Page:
“When did you join Greenpeace?” asks Rosemary to her sister.
“When you live down here you see what’s happening to nature,” replies Maggie.
Many dramas use comedy to lessen the blow of the tense situations. The Wake uses drama to intensify the comedy. Tender scenes like when Rosemary first discovers the urn containing her sister and when she hears Maggie talk about the deaths in recent years (their parents, their sister, Maggie’s ex-husband and several cats) provide a break from the laughter and refocus the audience on the original premise of the memorial.
“I’m sorry it all fell to you,” says Rosemary. “I’m not good at death.”
“Nobody’s good at death,” replies Maggie who realizes that Colleen was the last thing keeping her in contact with Rosemary. With Colleen gone, Maggie worries she will lose Rosemary too.
The concept of the environment and nature - and the changes that are happening to both - play a large role in The Wake. It is not done as a political statement. It’s just something that does not affect Ed and Rosemary’s lives, but does affects Maggie and Doyle’s.
And it’s something which soon involves all of them.
The weather turns far worse and they soon learn that a hurricane might hit the area. Ironically, it carries the same name as their sister - Colleen.
The first act ends with everyone scrambling to leave. Ed and Rosemary hope to get to Orlando and be with their kids. Doyle and Maggie just want to get somewhere safe. The storm forces everyone to change their plans and return to the beach house.
As the cable goes in and out, they see what The Weather Channel says. Rosemary believes Jim Canatore will tell them how bad the storm will be. Unfortunately, he’s also on the beach near the house and that's never a good sign.
“If I’m riding out a storm named after my dead sister, the first thing I’m going to do is have a beer,” says Ed. “It’s the first thing she’d do!”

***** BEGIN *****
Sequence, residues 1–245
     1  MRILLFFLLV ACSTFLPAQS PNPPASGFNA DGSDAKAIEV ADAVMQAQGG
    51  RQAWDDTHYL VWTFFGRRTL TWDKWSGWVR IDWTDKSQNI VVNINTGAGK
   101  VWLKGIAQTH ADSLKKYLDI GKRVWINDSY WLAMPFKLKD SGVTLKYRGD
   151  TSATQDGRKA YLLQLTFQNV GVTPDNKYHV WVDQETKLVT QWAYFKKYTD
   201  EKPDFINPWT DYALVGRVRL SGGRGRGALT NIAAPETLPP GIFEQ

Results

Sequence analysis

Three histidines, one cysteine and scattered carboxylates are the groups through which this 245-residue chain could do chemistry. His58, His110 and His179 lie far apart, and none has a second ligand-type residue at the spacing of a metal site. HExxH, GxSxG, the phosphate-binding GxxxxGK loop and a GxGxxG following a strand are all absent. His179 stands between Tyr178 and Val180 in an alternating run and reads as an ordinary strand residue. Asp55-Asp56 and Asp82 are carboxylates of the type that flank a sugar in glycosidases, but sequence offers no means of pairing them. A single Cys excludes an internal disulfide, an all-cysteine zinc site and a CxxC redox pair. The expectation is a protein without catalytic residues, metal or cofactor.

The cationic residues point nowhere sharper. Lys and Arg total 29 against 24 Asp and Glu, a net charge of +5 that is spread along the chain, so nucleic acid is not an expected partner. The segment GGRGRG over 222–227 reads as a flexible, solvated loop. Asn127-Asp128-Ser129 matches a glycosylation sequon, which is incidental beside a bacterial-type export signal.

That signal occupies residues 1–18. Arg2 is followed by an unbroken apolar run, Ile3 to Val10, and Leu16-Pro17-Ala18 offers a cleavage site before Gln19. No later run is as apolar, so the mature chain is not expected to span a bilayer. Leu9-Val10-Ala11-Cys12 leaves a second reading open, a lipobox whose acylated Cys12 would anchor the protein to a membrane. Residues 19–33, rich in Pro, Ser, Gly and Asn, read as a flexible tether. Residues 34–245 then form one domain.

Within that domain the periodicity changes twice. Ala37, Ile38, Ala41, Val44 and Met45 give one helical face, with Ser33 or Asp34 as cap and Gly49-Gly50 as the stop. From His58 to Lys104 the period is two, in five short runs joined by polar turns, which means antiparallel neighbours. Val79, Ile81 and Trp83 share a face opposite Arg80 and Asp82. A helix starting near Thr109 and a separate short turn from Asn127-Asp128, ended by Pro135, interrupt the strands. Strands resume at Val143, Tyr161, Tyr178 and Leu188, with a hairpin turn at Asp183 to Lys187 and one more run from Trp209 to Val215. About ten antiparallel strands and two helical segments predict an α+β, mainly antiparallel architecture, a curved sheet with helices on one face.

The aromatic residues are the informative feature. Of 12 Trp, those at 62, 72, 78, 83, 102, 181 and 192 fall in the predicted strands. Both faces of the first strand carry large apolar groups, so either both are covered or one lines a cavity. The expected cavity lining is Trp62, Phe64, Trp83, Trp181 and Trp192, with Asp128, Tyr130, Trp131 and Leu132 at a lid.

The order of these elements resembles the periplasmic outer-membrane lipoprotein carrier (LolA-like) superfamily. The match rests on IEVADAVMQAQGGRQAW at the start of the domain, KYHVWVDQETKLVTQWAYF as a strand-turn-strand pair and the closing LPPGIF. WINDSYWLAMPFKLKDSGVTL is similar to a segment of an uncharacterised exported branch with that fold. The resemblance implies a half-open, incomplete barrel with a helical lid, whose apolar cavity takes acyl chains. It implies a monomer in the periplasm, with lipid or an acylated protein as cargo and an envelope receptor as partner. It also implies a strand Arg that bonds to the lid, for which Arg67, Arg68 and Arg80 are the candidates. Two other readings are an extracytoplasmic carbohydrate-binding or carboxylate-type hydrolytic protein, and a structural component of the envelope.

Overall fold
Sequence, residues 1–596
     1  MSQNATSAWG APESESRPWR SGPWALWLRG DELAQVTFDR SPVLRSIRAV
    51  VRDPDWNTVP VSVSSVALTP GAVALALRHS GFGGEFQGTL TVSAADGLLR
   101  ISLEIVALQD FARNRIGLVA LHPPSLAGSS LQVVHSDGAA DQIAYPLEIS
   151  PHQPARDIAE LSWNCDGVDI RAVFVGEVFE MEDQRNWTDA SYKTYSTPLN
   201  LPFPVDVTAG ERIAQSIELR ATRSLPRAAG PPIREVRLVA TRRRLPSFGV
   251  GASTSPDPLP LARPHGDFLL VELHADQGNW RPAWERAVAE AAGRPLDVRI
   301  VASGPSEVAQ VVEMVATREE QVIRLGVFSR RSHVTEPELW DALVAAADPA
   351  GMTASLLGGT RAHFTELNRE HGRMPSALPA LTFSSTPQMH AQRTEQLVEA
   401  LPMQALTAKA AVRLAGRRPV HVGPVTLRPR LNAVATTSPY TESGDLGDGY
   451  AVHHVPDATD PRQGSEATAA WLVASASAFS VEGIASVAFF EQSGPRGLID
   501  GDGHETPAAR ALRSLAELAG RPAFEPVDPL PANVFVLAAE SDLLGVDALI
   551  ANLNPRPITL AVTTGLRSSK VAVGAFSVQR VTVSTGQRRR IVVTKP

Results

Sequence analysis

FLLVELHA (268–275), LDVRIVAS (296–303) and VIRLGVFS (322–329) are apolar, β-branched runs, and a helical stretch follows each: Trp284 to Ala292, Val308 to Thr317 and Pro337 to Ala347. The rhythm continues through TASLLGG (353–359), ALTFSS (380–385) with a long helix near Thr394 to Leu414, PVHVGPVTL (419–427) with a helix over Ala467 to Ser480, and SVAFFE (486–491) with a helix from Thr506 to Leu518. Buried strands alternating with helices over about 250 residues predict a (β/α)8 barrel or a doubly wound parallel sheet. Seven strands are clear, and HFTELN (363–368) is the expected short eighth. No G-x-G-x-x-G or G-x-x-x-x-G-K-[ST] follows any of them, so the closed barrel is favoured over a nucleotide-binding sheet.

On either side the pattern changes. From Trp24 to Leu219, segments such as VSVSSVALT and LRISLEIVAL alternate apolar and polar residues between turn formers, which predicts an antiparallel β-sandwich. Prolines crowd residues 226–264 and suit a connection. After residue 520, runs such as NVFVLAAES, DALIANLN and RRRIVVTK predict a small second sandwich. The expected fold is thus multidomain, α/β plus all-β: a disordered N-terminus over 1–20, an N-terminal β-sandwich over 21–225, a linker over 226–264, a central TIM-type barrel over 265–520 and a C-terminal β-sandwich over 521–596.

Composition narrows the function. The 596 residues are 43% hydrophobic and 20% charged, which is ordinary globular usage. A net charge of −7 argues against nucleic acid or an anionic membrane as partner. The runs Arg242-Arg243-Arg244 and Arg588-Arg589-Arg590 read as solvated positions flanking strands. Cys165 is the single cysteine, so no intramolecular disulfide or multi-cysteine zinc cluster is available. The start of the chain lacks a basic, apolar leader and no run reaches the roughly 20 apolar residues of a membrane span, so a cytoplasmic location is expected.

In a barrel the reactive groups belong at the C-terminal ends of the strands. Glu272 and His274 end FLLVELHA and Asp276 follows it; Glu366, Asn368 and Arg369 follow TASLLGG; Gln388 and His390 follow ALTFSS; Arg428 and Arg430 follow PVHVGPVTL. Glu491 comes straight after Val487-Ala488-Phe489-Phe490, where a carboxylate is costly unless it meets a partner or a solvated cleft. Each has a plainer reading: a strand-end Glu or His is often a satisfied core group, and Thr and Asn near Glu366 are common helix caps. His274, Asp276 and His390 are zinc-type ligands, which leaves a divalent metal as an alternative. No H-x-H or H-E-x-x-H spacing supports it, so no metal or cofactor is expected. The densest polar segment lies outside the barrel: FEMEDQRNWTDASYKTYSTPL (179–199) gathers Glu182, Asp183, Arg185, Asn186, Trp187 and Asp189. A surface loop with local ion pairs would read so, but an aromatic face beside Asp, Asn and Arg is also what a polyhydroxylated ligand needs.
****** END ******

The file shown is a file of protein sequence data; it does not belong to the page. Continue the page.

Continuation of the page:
They’ll have to try surviving the storm together with board games, booze, and painful truths coming to the forefront.
Special props go out to Bethanie Wampol Watson for a beautiful set; Greg Solomon for lighting and Emily Auciello for sound - which both play a very active role. The weather and the hurricane are both done extremely well.
The Wake is a highly entertaining and very funny comedy that will make you think. Audiences might think of family members or friends that they haven’t seen for years or failed to see before they passed on. You might think of the environment and changes that you may have noticed yourself in recent years. And you might think about nature and how humans have changed the landscape for many creatures. Most of all, I left wondering how these issues became political at all. The play does a terrific job of showing how it's hard to ignore or deny things that you see or experience yourself.
Premiere Stages once again shows why it is one of the most vital theatre companies in the state. Not only are the productions top notch, but they are almost always new works or world premiere productions. The Wake is only around for a few weeks. Don’t miss it!
Premiere Stages is located at 1000 Morris Avenue in Union, New Jersey. For tickets or more information visit premierestagesatkean.com.
ALL PHOTOS BY MIKE PETERS
Gary Wien has been covering the arts since 2001 and has had work published with Jersey Arts, Elmore Magazine, Princeton Magazine, Backstreets and other publications. He is a three-time winner of the Asbury Music Award for Top Music Journalist and the author of Beyond the Palace (the first book on the history of rock and roll in Asbury Park) and Are You Listening? The Top 100 Albums of 2001-2010 by New Jersey Artists. In addition, he runs New Jersey Stage and the online radio station The Penguin Rocks. He can be contacted at firstname.lastname@example.org.